A Byzantine drama unfolded this weekend over whether Mike Arrington will be fired from TechCrunch, the tech blog he started. He's already been ousted as editor, supposedly because he's starting an investment fund, and that's a huge conflict of interest. But the ethical concerns are bullshit. This is a power play by Arianna Huffington, plain and simple.

TechCrunch's MG Siegler says that Arrington might be formally expelled from any involvement with TechCrunch today. "TechCrunch is on the precipice," he writes.

If the Arrington goes, it will be Huffington's doing. The Huffington Post founder oversees editorial operations at AOL, the company to which Arrington sold TechCrunch almost exactly one year ago. She is, nominally, Arrington's boss, but has been more like a rival; no site has acted with more independence than TechCrunch since AOL acquired Huffington and HuffPo as overlords this past February. In the months just after the deal, Arrington and his crew continued to push back against AOL meddling, and secured a very public exception to HuffPo's financial conflicts policy.

That independence was asserted again Thursday, when Arrington announced he would form a venture capital vehicle called CrunchFund, seeded with $10 million from his bosses at AOL. He would stay involved with TechCrunch but defer more to other editors. By the end of the day, it was announced that Arrington had been demoted to writer. By Friday, Huffington was telling people that Arrington had been entirely removed from TechCrunch. But actually no! AOL then said Arrington would stay on in AOL's business development wing. Arrington himself had "no idea" whether he was technically employed by TechCrunch of AOL by the end of Friday.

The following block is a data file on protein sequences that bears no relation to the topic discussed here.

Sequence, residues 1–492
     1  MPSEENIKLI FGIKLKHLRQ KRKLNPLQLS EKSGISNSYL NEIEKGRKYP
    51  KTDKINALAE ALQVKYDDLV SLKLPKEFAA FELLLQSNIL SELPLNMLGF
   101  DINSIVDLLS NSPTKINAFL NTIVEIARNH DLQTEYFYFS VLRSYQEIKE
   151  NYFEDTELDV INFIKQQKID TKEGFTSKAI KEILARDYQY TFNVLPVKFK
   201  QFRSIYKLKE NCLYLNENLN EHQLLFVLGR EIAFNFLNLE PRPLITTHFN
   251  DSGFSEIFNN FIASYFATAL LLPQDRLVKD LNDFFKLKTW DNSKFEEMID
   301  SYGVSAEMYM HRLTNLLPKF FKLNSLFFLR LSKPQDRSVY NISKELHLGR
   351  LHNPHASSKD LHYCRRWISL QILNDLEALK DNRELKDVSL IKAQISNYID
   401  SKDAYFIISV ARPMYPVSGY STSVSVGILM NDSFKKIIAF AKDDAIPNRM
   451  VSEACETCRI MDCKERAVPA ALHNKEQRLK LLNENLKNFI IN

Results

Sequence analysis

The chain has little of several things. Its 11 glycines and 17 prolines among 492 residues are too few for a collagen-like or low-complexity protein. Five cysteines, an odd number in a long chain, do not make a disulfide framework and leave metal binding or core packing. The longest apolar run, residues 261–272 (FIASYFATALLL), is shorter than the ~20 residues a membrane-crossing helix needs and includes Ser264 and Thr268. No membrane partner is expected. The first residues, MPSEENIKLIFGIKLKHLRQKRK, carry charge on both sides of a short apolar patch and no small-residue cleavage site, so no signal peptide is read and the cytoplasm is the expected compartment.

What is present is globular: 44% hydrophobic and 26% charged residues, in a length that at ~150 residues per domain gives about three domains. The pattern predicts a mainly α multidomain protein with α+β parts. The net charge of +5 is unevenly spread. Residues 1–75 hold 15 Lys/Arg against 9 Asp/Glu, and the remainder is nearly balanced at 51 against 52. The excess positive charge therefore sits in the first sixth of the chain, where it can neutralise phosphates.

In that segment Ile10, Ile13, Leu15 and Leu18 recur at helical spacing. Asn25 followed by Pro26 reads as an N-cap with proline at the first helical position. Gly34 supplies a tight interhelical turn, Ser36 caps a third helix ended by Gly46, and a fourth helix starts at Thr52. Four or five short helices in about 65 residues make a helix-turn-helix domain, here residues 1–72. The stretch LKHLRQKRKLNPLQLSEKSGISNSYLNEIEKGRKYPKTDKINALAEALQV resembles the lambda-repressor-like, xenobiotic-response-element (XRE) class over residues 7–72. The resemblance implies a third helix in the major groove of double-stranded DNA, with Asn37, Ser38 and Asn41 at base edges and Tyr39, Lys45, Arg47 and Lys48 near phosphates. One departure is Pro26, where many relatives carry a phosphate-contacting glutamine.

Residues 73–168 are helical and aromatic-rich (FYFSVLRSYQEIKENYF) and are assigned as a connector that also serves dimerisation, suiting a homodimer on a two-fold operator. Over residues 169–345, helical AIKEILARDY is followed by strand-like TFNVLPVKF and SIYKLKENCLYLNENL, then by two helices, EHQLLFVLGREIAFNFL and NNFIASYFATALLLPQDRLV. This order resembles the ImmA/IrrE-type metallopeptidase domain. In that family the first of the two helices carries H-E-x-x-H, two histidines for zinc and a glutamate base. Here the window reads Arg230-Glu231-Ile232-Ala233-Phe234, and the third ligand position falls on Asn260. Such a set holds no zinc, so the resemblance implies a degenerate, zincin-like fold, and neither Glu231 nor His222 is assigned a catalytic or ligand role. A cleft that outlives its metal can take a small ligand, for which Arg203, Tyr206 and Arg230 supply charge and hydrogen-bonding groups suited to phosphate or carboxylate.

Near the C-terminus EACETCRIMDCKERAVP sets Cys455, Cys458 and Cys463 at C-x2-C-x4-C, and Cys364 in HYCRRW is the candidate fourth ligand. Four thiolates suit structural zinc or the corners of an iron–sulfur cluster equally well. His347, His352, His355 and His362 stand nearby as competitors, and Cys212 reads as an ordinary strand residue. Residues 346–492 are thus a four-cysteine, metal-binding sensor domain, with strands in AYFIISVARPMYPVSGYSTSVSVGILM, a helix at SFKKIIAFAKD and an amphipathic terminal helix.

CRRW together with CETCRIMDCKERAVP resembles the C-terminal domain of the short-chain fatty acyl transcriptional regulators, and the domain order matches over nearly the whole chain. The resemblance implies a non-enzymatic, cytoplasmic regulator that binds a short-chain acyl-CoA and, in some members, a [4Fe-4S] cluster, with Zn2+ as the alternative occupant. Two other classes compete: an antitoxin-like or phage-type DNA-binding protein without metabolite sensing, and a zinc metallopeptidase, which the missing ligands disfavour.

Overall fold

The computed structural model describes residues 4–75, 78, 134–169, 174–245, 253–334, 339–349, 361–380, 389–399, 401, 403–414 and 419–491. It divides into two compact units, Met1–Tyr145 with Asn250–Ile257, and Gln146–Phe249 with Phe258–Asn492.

On Monday came a column by New York Times media writer David Carr, who called Arrington's fund "breathtaking," "audacious" and "almost comically over the line" of journalistic ethics.

Then came Siegler's post, "TechCrunch as we know it may be over," in which he wrote, "As soon as tomorrow, Mike may be thrown out of the company he founded. Or he may not. No one knows." We've had no luck reach Arrington today by phone, text or email, but it sounds like there's some kind of meeting on.

Here's the thing: Whatever happens, and whatever is said, it won't be about ethics. The idea that Arianna Huffington gives a lick about conventional journalistic standards is risible. As a former editor of hers told us:

Arianna makes personnel changes based on arbitrary whims, momentary impulses, and on cold calculations of power. She has a long record of closing her eyes to conflicts of interest. Applying it in the case of Arrington is merely a cover for some other undisclosed and undoubtedly more petty reason.

(Emphasis added.)

Arrington has a long history of financial involvement with the companies his publication covers. He was investing in startups basically from TechCrunch's founding in 2005 through 2009, when he took a break, and then announced in April he would resume again. It's a big conflict of interest, yes, but as we said this past spring it's the sort of conflict Arrington's business shark readers tend not to care much about, particularly when it's clearly disclosed.